Review of Sister Act by the Northampton Musical Theatre Company at Royal & Derngate (Derngate), Northampton

South Pacific at Royal & Derngate last year set a remarkable benchmark for an "amateur" production, with a large talented cast, superb vocals, sets and a polish up there with a professional production. Sister Act, this years production from the Northampton Musical Theatre Company was more of the same, but perhaps taken up a notch or two. Sister Act is a musical based on the 1992 Whoopi Goldberg comedy and was first performed in 2009. Written by Bill and Cheri Steinkellner, it is a likable and fun musical which genuinely came as a surprise to me. The opening scene at Curtis's Bar and Nightclub is to be honest not the best though and genuinely didn't fill me with much hope. It feels as if it gives nothing to the cast, although it creates the premise of the story coupled with the incident outside the bar. Likewise, I didn't take much to the Police Station scene either, so it didn't bode well. When we reach the Queen Of Angels Cathedral though, this show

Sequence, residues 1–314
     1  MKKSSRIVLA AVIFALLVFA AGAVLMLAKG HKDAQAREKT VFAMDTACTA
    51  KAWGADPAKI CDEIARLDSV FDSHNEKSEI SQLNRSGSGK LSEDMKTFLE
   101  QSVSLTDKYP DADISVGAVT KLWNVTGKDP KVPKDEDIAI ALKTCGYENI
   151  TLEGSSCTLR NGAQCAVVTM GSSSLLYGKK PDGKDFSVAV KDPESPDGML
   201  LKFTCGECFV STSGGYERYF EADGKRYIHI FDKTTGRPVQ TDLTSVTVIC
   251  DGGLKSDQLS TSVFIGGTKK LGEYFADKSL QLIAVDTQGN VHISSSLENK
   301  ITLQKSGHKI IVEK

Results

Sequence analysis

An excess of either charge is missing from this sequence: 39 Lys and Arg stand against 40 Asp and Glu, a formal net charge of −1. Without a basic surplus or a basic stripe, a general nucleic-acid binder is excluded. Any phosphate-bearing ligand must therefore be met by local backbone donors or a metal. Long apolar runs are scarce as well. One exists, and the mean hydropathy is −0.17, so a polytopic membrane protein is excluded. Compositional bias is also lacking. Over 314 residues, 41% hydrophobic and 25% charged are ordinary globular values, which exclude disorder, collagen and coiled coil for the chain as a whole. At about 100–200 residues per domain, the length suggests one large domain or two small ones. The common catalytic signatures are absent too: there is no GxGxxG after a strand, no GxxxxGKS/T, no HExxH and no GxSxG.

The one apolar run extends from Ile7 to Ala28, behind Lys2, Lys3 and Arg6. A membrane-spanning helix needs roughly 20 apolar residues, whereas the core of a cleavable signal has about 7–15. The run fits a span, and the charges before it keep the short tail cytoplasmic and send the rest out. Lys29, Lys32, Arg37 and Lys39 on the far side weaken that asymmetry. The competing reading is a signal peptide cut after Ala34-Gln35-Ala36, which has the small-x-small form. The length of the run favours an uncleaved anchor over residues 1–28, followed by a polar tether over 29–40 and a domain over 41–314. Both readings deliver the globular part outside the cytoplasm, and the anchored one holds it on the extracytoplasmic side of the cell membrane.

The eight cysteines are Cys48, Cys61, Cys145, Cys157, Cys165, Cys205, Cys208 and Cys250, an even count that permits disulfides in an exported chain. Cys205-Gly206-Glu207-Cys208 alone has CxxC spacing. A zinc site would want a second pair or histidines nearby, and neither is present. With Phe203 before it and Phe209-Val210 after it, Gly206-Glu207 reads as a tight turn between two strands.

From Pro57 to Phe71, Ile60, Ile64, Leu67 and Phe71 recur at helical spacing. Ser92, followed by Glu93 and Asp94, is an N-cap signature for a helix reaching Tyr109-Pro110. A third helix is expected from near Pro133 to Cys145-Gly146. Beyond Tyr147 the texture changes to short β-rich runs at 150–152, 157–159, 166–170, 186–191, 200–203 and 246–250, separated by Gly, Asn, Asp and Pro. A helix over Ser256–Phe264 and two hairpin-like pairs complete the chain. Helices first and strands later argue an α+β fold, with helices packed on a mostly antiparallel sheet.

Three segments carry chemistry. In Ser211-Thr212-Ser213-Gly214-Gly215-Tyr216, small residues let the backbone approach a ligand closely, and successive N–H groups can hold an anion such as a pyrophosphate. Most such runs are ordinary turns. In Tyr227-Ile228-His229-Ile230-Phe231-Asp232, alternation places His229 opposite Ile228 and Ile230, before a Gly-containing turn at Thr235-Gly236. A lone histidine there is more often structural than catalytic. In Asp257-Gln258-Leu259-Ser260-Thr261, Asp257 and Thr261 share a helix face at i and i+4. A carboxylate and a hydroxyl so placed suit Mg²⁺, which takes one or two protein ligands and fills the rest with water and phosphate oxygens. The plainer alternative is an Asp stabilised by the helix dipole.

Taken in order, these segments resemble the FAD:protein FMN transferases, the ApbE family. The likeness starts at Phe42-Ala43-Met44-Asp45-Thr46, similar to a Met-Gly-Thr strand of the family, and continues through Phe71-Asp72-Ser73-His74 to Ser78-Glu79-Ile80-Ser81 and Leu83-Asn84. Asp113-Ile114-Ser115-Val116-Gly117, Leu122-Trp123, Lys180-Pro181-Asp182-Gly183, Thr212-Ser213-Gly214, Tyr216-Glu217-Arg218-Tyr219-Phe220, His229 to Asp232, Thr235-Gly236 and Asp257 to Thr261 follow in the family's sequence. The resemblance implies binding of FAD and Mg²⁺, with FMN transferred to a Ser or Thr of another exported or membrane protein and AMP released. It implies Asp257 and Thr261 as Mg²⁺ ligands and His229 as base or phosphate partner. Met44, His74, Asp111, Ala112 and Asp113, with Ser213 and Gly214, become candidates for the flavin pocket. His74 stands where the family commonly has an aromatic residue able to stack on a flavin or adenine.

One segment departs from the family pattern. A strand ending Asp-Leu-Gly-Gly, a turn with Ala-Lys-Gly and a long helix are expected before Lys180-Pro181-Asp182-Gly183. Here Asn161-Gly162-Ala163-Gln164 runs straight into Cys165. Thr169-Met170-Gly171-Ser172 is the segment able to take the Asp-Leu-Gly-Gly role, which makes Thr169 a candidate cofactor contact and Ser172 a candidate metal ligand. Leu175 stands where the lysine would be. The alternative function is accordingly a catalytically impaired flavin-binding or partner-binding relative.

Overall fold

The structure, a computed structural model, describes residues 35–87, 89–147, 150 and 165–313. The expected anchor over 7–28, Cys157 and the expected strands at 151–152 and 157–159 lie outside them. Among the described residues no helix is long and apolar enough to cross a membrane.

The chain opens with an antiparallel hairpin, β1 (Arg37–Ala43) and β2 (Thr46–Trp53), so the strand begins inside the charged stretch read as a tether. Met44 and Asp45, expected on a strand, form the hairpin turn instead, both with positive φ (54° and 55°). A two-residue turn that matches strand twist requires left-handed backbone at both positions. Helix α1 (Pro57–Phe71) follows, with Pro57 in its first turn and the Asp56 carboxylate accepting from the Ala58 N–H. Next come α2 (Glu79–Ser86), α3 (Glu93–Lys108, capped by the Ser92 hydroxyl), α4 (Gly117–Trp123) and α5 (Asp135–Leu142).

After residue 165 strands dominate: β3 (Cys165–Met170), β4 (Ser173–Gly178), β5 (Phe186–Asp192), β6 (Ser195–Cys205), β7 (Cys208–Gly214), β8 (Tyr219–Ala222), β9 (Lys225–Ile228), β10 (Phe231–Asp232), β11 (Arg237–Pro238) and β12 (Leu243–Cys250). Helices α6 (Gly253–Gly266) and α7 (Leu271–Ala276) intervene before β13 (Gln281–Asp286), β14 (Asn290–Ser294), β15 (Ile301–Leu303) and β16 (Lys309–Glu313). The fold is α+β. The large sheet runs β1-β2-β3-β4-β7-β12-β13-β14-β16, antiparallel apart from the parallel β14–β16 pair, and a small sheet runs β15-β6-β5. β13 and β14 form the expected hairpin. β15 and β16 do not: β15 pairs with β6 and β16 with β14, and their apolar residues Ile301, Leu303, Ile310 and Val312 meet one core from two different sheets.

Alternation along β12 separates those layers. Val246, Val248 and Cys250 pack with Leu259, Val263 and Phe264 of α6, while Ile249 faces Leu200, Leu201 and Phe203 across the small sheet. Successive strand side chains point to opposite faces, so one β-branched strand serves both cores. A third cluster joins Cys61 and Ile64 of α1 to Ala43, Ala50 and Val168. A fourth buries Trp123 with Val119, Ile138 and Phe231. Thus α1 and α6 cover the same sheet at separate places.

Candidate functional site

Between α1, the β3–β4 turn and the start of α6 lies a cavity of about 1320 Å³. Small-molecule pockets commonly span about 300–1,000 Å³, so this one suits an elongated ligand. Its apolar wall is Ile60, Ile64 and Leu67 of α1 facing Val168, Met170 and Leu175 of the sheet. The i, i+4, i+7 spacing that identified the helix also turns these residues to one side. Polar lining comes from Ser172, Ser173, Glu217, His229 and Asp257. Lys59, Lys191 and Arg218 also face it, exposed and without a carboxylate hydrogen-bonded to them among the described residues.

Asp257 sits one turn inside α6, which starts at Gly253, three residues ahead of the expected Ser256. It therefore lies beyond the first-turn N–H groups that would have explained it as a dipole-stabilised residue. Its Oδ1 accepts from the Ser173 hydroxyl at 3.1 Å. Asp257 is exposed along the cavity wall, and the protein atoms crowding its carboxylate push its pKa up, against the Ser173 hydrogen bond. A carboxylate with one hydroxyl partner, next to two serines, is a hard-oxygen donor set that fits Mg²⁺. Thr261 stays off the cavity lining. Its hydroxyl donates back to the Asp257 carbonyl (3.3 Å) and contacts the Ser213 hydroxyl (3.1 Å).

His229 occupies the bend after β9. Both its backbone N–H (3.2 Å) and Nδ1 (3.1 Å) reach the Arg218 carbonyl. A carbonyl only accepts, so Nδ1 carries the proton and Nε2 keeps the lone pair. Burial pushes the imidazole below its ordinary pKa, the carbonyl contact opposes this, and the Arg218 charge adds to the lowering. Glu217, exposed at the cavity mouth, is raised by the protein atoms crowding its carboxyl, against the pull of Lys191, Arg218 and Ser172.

Review of Shrek (NMTC) at Royal & Derngate (Derngate), Northampton

Three and a half years ago, in a land far far away, in a world very different to the one we are now in, I saw the touring professional production of Shrek The Musical , it was a mixed bag of quality, tilted extremely heavily in favour of one particular character (not the one you might expect) and not firing on all cylinders much of the time. One and a half years after my last visit to the Derngate theatre, I return to see the homegrown Northampton Musical Theatre Company's own take on the very same show. Would they be able to breathe more life into the show than the professionals did in that distant land? It is a bit of a yes and no really. Pretty much all of this is done to the best possible standard, and at times, with being an amateur show you could easily forget, they all have normal day jobs. The show oozes professional quality at times. The set looks magnificent, the costumes (from Molly Limpet's Theatrical Emporium) are superb, and as ever with NMTC, the backstage team c